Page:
We experimentally demonstrate (Fig. 2a–c) a nonlocal radial metalens with NA = 0.2 and a diameter of 800 μm using the meta-unit library in Fig. 2d. This metalens has a resonance centered at λ = 1590 nm with a Q-factor of ~86. The wavelength exclusivity of this feature follows closely with the theoretical expectation: A series of transverse 2D far-field scans shows that focusing is most efficient at the center of the resonance, λ = 1590 nm, with the focusing efficiency dropping at the two shoulders of the resonance, λ = 1575 nm and 1600 nm, and that the focal spots become almost undetectable at wavelengths tens of nanometers away from the center of the resonance (Fig. 2h). Longitudinal 2D far-field scans of the device (Fig. 2i) reveal that the focal spots at resonance (λ = 1575–1600 nm) are orders of magnitude brighter than the focal spots off resonance, following a Lorentzian line shape. The device is functionally transparent off resonance in that the background planewave is estimated to be three to four orders of magnitude stronger in power than the focal spots at off-resonance wavelengths. Notably, the focal spot at resonance is diffraction limited: vertical and horizontal linecuts of the focal spot at the center of the resonance (Fig. 2j) reveal Strehl ratios (estimated from the Airy disc and first ring of the intensity pattern) of 0.89 and 0.85 in the x and y directions, respectively. That the lens is diffraction limited suggests that the resonant wavelength is nearly constant across the entire device, otherwise the effective numerical aperture at the resonant wavelength would be smaller than predicted.

Keeping the entire metalens resonant is nontrivial. The unperturbed lattice of the nonlocal metasurface is described by a band structure (Fig. S5); consequently, the resonant wavelengths of the nonlocal modes are dispersive with the deflection angle or phase gradient implemented by the metasurface (Fig. 2k)15,16. This represents a key design constraint: the total shift in resonant wavelength due to the phase-gradient variation across a device must be smaller than the full width at half maximum (FWHM) of the resonance. Therefore, given a certain band curvature, there is a tradeoff between the Q-factor and the range of deflection angles supportable across a device, commonly manifested as the numerical aperture (NA) of the metalens15,16. The curvature of the most dispersive direction limits the maximum achievable NA. For the simulated meta-unit library of the radial metalens, the estimated maximum NA for a radial metalens is ~0.26 (Fig. 2k). One pathway towards realizing high NA devices is composing a radial lens with slices of cylindrical lenses using only the least dispersive relative orientation between the phase gradient and the dimerization perturbation (Supplementary Section 5). The ultimate solution is through bandstructure engineering of PCSs23,24: a flatter band will allow for the creation of devices with simultaneously higher Q-factors and larger NA.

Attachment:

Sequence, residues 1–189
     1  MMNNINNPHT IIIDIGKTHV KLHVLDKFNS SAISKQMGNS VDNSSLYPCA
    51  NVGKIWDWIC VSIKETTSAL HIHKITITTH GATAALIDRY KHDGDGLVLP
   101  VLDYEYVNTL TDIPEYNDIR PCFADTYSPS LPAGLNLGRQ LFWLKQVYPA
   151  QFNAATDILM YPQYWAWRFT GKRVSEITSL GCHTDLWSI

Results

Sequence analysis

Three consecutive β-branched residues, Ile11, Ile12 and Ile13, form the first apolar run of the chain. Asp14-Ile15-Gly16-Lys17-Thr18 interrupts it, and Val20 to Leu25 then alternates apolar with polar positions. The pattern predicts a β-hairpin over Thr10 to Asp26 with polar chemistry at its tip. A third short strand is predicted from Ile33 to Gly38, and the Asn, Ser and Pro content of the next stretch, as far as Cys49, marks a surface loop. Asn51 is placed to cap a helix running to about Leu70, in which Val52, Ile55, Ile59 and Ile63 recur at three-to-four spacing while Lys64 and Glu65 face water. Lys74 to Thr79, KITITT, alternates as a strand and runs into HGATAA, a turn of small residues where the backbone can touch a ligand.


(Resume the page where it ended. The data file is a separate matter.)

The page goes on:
At the peak of the resonance the device exhibits a maximum conversion efficiency of ~8% of the incident power, as indicated by the circularly polarized transmission spectra in Fig. 2g (unpolarized transmission spectra in Fig. S10). Note that this conversion efficiency is ~32% of the theoretical maximum, which is 25% of the incident power16,25. Overcoming the limitation of 25% requires breaking the out-of-plane symmetry. While in principle the presence of a substrate (and absence of a superstrate) meets the requirement, in practice it has little impact on the efficiency. A metasurface partially etched into a high-refractive-index thin film can introduce a larger degree of out-of-plane symmetry breaking26. Chiral nonlocal metasurfaces composed of two twisted stacked layers can achieve a theoretical conversion efficiency up to 100% in reflection27. In any device architecture, the experimental conversion efficiency may be pushed closer to the theoretical maximum with further refinements to (1) reduce homogeneous broadening of q-BIC resonances caused by fabrication imperfections such as sidewall roughness, and (2) reduce inhomogeneous broadening by limiting long-range disorder across the metasurface (i.e., maintaining precisely the same resonant wavelength across the entire device). The latter in particular may be tackled in our devices by adjusting aperture sizes to compensate for the band curvature during the design process.